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I proposed "Svetlana" for our second daughter. Or, if we had a boy, "Bruce Wayne." My wife said, quite firmly, no. She said that Svetlana was too exotic and that no explanation was necessary for Bruce Wayne.
In my defense, I must say that my proposals were established names correctly spelled. Some parents, however, do not take this approach. The U.S. Social Security Administration recently released its data on baby names for 2013. Nameberry, a website devoted to baby naming, informs us of the bad news:
As you might imagine, most of these names are pretty far out on the ledge. There are lots of kree8tiv spellings of more conventional names: Finlea and Massyn, Londonn and Karsan. There are names from around the world freshly introduced to America: Junhao and Mokshith and Motoki. There are original combo names — Charlotterose and Marcusjames — and there are new word names and place-names and surname-names — Revelation and Tokyo and Thoreau — and there are even a couple of wonderful old names revived for the modern world: Hypatia and Thisbe, Romilly and Calisto.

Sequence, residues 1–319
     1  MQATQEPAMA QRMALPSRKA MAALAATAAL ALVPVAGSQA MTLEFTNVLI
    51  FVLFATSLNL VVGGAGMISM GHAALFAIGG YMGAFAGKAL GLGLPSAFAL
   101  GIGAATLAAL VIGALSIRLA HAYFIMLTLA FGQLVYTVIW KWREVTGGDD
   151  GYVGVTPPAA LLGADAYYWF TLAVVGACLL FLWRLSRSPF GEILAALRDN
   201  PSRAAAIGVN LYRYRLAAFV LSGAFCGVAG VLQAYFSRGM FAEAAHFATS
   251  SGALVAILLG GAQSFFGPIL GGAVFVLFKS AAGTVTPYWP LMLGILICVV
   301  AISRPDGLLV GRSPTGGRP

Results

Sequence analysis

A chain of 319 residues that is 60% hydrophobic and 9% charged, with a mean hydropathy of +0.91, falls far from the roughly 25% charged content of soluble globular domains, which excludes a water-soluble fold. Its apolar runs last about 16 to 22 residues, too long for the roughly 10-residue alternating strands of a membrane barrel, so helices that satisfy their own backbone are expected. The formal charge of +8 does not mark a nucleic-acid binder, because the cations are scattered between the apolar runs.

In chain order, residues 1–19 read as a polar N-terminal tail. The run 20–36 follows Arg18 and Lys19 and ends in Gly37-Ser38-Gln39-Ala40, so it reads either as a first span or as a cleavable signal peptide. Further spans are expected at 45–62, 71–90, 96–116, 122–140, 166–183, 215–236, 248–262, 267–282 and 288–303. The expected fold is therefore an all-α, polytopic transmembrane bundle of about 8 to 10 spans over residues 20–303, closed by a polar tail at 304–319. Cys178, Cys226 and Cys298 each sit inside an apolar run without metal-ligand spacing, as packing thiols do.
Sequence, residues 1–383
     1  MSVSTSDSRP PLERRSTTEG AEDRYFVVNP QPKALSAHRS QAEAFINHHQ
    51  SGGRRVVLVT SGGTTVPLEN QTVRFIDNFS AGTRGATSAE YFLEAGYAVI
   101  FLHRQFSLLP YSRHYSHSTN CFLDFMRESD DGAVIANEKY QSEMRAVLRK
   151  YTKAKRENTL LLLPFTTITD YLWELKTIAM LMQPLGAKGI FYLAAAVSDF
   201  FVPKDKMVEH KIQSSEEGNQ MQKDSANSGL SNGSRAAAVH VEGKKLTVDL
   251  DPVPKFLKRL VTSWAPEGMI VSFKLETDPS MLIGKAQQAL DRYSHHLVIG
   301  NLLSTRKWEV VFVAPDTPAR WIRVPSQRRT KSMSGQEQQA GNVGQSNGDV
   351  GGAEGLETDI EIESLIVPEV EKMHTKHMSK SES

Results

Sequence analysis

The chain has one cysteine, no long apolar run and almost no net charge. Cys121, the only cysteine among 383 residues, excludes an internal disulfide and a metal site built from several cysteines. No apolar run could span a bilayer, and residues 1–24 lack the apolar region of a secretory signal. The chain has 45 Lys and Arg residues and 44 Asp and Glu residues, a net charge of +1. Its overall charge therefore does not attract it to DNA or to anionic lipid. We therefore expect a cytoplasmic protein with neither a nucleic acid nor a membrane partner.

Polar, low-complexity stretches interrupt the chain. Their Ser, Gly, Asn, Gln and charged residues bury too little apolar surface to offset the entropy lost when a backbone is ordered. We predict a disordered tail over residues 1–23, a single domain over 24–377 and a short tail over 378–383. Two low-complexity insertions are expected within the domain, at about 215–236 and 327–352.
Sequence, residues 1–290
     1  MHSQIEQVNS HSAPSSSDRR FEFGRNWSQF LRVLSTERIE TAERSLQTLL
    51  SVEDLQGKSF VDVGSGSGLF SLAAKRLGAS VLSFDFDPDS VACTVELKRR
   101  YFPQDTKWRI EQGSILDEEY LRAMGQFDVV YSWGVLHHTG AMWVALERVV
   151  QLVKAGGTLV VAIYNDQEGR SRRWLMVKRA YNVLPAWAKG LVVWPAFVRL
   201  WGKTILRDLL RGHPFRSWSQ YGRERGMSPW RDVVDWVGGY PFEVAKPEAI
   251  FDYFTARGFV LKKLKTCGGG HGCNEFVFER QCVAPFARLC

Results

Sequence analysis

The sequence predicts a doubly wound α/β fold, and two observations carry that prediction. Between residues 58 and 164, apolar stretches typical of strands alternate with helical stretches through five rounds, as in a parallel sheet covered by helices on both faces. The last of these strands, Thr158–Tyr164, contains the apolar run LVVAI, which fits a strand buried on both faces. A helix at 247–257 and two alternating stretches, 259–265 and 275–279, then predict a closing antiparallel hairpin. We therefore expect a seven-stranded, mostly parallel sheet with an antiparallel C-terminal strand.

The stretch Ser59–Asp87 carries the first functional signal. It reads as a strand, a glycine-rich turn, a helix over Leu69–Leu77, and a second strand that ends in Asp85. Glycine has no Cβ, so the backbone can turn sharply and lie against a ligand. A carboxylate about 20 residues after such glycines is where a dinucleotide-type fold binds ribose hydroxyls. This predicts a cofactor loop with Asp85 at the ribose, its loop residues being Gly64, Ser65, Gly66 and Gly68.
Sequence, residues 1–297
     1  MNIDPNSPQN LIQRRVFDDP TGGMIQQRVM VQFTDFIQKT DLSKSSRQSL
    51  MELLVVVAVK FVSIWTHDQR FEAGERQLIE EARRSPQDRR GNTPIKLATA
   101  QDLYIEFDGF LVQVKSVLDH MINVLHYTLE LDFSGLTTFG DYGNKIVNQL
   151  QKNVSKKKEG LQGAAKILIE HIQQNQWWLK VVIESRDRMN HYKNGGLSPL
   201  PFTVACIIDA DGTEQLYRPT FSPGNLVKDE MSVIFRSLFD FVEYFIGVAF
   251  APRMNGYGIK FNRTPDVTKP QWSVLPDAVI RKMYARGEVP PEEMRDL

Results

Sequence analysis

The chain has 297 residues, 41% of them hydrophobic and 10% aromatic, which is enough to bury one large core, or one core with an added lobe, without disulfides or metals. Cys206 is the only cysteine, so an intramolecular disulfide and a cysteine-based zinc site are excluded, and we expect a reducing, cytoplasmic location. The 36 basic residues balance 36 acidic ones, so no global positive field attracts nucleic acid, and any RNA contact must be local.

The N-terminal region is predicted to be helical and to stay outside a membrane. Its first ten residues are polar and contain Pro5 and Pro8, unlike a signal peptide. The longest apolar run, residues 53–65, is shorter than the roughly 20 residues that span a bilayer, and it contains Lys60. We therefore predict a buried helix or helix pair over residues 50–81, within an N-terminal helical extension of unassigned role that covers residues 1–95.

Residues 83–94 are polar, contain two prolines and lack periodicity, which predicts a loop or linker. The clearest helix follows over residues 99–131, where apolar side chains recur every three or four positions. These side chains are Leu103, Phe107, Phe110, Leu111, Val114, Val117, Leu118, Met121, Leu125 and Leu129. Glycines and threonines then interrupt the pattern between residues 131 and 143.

But all these newborn names look downright sedate compared to a handful of choices it’s hard to believe were given to even one baby, much less five….or ten….or 63.
Yes, 63 girls were named Vanellope. 5 were named Sierraleone. 10 boys were named Rydder. 5 were named Subaru (hopefully after the constellation, not the car company).
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